His own man

Brazil is currently in the news because of its presidential election, featuring three major candidates representing various points on the political spectrum.  But, as novelist Edgard Telles Ribeiro reminds us in this mesmerizing tale of unbridled ambition and of idealism and friendship betrayed, Brazilian politics looked very different half a century ago.  In 1964, a military coup deposed the left-leaning government and received immediate recognition and support from the United States.  At the height of the Cold War, the U.S. was nervous about other countries in the Americas following Cuba's path to communism, and the military looked like the best option for preventing this.  After a few relatively benign years, the generals in charge cracked down on dissenters and became much more repressive and totalitarian.  Many people lost their homes and possessions, went into exile, or simply "disappeared".  In addition,, Brazil, with covert assistance from the CIA and Britain's MI6, served as a base for toppling leftist governments in Uruguay and Chile in the early 1970s.

This dark period of South American history is portrayed by Ribeiro through the life of a fictional Brazilian diplomat, Marcilio Andrade Xavier, who uses the acronymic nickname Max.  His story is told by a onetime friend and fellow diplomat who tells us almost nothing about his own life or even his name (in the book's final chapter he does sign a letter as "N").  N. meets Max in that fateful year 1968, when both are still in their 20s and working at the Foreign Ministry in Rio de Janeiro.  They find that they share an interest in literature and philosophy, and N. becomes part of Max's circle of friends, looking up to his slightly older coworker as a mentor of sorts.

As the years pass and both move on to other assignments, N. becomes increasingly convinced that Max has advanced in his diplomatic career by abetting the repressive government in its agenda of terror and assassination, both at home and in Uruguay and Chile, where he held increasingly important positions.  By the mid-1980s, the Brazilian government is in its death throes after twenty years of terror, and N. no longer considers Max a friend.  After they have a long, uncomfortable talk at a party where they've met by chance, N. becomes obsessed with learning as much as possible about Max's activities during the late 1960s and 1970s.  The story unfolds a la "Citizen Kane" through a series of conversations N. has with people who were around Max at the time, including a Brazilian colonel; Max's ex-wife Marina; and, in 2006, a retired CIA agent living in La Jolla, California, who pulls his "Max" file out of a voluminous collection of documents in his garage.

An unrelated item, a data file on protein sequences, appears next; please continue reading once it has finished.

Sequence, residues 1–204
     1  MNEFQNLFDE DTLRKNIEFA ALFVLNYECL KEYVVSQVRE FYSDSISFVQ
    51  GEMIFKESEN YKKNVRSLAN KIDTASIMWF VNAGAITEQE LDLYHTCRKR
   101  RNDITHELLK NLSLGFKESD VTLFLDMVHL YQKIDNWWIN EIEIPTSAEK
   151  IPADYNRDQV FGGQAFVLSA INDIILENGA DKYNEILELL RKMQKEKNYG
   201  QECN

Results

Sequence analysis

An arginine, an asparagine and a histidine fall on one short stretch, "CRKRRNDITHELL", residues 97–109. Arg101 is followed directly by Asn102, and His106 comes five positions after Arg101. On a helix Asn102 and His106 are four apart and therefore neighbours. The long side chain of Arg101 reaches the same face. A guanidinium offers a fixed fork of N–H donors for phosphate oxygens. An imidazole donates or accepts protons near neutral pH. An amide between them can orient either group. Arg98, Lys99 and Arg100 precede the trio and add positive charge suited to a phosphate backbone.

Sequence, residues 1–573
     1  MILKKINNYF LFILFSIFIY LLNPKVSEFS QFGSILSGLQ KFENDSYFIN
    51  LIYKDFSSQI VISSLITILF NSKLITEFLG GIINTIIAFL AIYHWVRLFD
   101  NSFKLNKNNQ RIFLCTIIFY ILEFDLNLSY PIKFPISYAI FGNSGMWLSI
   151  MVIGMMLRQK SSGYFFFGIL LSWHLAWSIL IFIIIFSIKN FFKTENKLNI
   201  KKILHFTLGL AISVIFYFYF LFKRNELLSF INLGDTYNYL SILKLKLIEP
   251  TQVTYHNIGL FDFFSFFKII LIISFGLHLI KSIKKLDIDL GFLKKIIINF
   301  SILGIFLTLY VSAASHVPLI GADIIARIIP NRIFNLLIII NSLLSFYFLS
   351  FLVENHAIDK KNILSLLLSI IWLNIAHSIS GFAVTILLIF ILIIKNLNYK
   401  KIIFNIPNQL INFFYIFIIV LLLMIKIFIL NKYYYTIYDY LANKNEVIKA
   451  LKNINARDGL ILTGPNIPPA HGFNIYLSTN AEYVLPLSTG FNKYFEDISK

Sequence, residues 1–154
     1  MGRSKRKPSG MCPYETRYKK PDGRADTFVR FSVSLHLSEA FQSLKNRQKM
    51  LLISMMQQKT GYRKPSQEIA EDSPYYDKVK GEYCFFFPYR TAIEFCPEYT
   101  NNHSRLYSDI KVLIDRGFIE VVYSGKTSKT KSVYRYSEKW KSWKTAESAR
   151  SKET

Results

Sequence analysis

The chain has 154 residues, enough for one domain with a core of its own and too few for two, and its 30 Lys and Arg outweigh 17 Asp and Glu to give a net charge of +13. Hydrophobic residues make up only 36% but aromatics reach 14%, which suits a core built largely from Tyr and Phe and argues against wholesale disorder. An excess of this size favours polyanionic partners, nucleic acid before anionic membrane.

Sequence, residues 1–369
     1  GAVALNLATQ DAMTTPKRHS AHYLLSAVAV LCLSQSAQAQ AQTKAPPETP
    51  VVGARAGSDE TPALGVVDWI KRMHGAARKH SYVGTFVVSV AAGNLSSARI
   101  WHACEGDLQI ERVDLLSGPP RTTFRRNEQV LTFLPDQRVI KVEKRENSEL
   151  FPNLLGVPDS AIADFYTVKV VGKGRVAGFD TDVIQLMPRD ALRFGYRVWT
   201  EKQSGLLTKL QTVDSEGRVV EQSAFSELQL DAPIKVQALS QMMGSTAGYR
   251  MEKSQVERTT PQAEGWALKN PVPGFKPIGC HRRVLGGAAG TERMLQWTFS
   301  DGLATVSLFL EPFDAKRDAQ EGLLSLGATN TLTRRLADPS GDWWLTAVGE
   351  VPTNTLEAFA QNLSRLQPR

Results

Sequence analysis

The picture that emerges is of a man who has one goal in life--personal power and wealth--and is willing to betray friends, family, and governments in order to attain it.  He is also extremely adept at deducing who and what (the Catholic church, a wife from a wealthy, powerful family) will assist him in this quest but quickly loses interest when they are no longer useful to him.  The CIA and MI6 are well aware of both the advantages and dangers of dealing with a contact like Max, and they give him the very appropriate code name "Samuel Beckett".

Unlike Charles Foster Kane, Max is very much alive and well at the time his life is being examined by N.  Thirty-five years after their first meeting, Max has a top diplomatic post and has become a champion of human rights, winning adoration and pride from his two children (their mother never had the heart to tell them about the very different Max of their early childhood). 

Edgard Telles Ribeiro has published seven novels and numerous short stories, but, not surprisingly, he was also a career diplomat.  Is Max based on someone he knew or perhaps a composite of several people?  In any case, this beautifully written story of an era most people outside South America have forgotten certainly transcends any particular time and place.